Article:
Lately I’ve been feeling more inspired to participate in life again. Whoa, that sounds way more melodramatic than I intended. What I mean is, for a while I was very much stuck in my own head and working very single-mindedly on a couple of particular goals, and I closed myself off for a while. I’m starting to crack open the shell and look at the outside world a little bit more lately. Whenever I get back into a metamorphic phase in my life, where I feel like everything is very lovely and I’m open to inspiration, I tend to rediscover my love of film. There is something so simple and beautiful about movies: at their best, they can be like 2-hour lyrical, visual poems.
That’s how I felt about Submarine. I’d always been interested in seeing the film because it’s written and directed by one of my favorite British comedians, Richard Ayoade, who’s in a bunch of awesome TV shows, and is now starring in The Watch. Anyway, he seems like a super awesome guy, so I figured a film by him was bound to be interesting–and I was right!
The film is about a precocious teenage boy, Oliver Tate, who starts to self-consciously usher himself into adolescence. It’s framed as an autobiographical film made by himself, which makes sense, because all of his notions of teenager-dom seem to be gleaned from books and movies, not from actual real life experience. I think this is an element anyone who was an artistically-inclined teenager can relate to. Hell, I still relate to it now–when I’m trying to make sense of the world around me, what better than books, movies and music to help me? I feel like art is all about codifying things that, by their very nature, cannot be codified.
However, what makes the film interesting is how it systematically shatters Oliver’s romantic illusions about life and adolescence by throwing him into messy, real-life situation. The film is divided into three acts: the first focuses on his courtship of a girl named Jordana. He calculates every move toward her very meticulously, dissecting her likes and dislikes, and using this information to win her affection. It’s not manipulative–they’re the actions of a very clueless boy who has no idea how to approach a girl. The montages where they’re experiencing impulsive, teenaged love are really beautiful and moving; they brought me back to when I was still a teenager, and things still felt new and exciting. This is what exactly what Oliver wanted out of a relationship with Jordana.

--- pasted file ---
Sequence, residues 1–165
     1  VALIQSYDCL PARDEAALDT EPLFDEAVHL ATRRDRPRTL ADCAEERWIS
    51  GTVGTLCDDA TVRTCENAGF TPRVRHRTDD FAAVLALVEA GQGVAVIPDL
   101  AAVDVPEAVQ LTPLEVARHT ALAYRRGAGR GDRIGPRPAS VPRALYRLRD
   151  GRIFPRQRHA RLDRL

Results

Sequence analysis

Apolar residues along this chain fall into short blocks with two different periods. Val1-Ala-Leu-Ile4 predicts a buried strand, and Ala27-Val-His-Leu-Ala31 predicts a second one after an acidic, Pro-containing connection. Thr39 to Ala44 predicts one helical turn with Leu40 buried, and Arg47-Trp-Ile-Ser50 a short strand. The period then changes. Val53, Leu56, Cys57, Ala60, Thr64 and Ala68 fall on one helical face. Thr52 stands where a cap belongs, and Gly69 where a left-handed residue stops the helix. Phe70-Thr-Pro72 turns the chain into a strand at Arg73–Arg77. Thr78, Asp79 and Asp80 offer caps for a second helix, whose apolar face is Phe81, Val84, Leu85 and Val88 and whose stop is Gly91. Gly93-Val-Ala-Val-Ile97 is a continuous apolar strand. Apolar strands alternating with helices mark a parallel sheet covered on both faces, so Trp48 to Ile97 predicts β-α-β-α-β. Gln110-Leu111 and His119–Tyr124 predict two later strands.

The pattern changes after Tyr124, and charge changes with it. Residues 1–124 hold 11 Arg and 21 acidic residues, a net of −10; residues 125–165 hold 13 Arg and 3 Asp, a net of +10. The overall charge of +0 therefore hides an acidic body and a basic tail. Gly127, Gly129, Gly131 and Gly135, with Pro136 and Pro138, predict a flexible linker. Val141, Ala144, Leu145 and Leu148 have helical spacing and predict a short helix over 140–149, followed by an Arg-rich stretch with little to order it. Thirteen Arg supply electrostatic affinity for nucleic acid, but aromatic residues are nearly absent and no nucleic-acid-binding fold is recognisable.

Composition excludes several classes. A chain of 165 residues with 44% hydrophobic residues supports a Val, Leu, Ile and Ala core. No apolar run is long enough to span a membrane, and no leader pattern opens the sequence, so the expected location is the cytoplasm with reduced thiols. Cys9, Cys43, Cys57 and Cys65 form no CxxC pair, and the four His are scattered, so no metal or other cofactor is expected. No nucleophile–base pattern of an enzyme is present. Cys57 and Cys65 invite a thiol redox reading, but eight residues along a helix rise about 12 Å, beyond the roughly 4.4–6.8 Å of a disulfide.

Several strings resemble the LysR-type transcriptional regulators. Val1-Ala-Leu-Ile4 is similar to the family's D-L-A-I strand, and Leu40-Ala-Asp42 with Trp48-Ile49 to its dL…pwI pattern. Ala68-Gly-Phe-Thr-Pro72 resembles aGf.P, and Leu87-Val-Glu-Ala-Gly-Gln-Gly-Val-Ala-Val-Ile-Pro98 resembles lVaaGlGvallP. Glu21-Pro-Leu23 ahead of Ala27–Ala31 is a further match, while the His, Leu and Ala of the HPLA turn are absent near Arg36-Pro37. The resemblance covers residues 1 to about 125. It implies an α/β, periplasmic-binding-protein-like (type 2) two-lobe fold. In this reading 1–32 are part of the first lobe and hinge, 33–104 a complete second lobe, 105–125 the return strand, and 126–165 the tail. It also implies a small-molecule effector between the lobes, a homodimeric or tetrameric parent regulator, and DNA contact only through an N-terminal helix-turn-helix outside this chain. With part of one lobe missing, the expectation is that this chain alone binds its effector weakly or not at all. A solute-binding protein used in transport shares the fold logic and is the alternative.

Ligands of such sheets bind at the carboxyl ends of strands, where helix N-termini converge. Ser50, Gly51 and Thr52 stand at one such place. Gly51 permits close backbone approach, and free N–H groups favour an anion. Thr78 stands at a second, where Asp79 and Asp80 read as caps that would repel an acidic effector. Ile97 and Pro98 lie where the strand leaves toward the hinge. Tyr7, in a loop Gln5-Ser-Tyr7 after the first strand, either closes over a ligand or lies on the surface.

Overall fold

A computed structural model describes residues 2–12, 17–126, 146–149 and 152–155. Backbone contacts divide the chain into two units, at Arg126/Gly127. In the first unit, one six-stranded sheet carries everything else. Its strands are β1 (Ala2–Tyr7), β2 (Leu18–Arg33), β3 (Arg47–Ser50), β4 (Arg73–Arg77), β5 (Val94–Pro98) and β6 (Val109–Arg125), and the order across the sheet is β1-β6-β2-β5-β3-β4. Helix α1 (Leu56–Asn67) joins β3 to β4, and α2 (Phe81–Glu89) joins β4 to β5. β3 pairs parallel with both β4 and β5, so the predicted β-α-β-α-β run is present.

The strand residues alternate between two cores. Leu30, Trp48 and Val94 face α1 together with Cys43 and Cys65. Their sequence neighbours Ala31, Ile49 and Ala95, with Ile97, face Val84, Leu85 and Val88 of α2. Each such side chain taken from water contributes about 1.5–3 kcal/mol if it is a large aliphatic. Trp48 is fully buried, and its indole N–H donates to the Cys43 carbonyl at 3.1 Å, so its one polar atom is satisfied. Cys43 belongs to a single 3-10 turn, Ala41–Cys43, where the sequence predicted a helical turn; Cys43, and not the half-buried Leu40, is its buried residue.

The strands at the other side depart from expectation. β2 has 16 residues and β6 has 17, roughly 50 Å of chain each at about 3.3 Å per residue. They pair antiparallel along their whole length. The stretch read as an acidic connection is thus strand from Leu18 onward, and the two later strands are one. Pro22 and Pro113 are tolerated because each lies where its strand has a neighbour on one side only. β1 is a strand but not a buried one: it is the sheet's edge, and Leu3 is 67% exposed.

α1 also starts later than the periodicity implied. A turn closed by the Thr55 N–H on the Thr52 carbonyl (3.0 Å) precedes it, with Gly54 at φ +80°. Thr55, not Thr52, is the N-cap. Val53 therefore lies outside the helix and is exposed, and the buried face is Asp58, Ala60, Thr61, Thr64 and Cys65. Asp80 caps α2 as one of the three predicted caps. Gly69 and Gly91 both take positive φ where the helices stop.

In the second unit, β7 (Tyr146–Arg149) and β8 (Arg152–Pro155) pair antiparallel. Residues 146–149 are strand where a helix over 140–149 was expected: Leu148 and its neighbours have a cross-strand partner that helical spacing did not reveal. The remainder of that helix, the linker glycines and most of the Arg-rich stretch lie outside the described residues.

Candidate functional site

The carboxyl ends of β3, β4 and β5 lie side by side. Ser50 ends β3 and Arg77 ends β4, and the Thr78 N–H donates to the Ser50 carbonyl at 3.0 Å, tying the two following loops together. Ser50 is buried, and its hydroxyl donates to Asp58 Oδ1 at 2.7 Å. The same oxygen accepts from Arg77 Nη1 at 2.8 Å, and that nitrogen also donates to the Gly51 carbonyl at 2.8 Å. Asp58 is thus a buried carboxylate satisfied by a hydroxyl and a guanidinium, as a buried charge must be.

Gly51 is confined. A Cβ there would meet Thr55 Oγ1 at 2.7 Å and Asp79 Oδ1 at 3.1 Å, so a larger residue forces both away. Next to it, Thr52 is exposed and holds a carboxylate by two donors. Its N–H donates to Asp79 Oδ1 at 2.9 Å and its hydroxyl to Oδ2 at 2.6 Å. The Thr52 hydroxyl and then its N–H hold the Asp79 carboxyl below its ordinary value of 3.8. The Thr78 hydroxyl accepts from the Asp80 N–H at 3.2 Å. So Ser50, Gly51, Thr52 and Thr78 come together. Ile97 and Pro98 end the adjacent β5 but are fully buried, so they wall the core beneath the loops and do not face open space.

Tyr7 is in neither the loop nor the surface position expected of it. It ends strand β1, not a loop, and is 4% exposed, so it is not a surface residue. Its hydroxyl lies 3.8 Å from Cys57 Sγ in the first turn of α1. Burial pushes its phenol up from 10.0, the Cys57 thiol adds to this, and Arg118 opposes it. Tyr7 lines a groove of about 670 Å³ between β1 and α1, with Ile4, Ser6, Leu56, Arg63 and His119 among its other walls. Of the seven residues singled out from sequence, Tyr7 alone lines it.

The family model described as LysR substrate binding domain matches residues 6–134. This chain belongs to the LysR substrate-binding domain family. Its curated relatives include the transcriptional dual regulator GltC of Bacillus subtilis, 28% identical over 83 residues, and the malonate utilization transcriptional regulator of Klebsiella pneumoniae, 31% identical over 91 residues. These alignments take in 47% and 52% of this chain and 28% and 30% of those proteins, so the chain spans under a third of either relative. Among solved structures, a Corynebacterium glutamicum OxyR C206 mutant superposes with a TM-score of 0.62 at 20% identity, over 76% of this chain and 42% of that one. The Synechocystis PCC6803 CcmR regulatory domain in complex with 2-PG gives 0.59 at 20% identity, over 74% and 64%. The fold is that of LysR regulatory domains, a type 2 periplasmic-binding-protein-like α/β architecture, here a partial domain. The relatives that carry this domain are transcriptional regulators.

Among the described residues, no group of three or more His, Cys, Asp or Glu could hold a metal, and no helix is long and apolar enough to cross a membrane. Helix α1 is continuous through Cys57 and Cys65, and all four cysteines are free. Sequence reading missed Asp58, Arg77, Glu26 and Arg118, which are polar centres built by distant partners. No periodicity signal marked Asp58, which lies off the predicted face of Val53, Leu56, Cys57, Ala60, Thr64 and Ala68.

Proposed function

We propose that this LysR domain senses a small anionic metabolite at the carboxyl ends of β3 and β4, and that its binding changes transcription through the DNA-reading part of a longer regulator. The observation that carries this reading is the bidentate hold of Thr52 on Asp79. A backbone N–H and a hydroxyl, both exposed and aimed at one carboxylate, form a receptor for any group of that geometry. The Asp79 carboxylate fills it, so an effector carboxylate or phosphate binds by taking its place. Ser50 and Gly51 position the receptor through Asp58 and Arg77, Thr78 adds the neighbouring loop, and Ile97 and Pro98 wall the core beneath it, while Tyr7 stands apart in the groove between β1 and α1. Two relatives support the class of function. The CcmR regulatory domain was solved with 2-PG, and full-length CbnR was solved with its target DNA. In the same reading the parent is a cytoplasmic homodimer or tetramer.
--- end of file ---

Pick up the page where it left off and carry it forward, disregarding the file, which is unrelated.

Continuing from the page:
Then, Oliver gets some things thrust his way that he doesn’t want: Jordana is dealing with some difficult family issues that Oliver is too immature and afraid to deal with, so he runs away and buries himself further in his own fantasies. He also starts to notice his parents’ marriage is fracturing, the focus of act two. Both of these experiences force Oliver to truly mature and grow up, but in a really fun and funny way.
The kid who plays Oliver is great–he hits that perfect combination of guilelessness and pretentiousness that, to me, recalls Max Fischer. The supporting cast really knocks the ball out of the park, though. The people who play his parents consummately portray a long-married couple who have drifted apart and don’t know why. And the girl who plays Jordana is perfect–she’s not too perfectly pretty, but is still very alluring and mysterious in her own way. What makes her character affecting, though, is that the script gives her an inner life. She’s not just there to usher Oliver through adolescent experiences; she has her own problems to deal with. The movie succeeds because it shows the problem with seeing people as players in the movie of your life, rather than as human beings with their own needs and desires. Luckily, I think Oliver is able to gain a little bit of self-awareness by the end of the film, and that’s all you can reasonably expect from a fanciful 15-year-old boy.